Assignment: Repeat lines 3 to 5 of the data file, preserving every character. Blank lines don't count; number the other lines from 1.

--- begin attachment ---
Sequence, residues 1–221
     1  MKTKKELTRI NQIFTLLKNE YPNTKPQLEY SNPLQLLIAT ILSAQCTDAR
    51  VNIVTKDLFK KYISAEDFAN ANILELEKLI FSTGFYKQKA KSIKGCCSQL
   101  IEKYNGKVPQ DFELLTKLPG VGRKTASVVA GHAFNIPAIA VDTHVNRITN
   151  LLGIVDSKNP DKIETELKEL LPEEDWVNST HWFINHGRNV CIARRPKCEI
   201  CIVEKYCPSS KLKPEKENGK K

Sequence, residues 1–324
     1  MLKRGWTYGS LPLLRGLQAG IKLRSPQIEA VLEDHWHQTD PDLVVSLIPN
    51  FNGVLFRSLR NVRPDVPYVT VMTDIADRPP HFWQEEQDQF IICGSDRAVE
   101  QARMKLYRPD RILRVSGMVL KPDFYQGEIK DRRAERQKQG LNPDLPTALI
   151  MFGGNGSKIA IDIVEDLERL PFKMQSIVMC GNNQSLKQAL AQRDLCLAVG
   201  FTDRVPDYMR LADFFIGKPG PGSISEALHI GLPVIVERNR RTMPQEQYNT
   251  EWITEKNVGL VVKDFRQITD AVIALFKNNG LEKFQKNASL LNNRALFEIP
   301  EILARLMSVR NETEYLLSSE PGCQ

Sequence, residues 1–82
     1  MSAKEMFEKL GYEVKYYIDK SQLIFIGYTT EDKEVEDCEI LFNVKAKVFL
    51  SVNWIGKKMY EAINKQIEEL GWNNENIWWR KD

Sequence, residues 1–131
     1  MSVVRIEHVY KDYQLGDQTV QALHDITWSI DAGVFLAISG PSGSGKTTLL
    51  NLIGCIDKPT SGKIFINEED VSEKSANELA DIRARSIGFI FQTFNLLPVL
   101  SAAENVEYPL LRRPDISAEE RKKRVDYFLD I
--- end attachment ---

    51  VNIVTKDLFK KYISAEDFAN ANILELEKLI FSTGFYKQKA KSIKGCCSQL
   101  IEKYNGKVPQ DFELLTKLPG VGRKTASVVA GHAFNIPAIA VDTHVNRITN
   151  LLGIVDSKNP DKIETELKEL LPEEDWVNST HWFINHGRNV CIARRPKCEI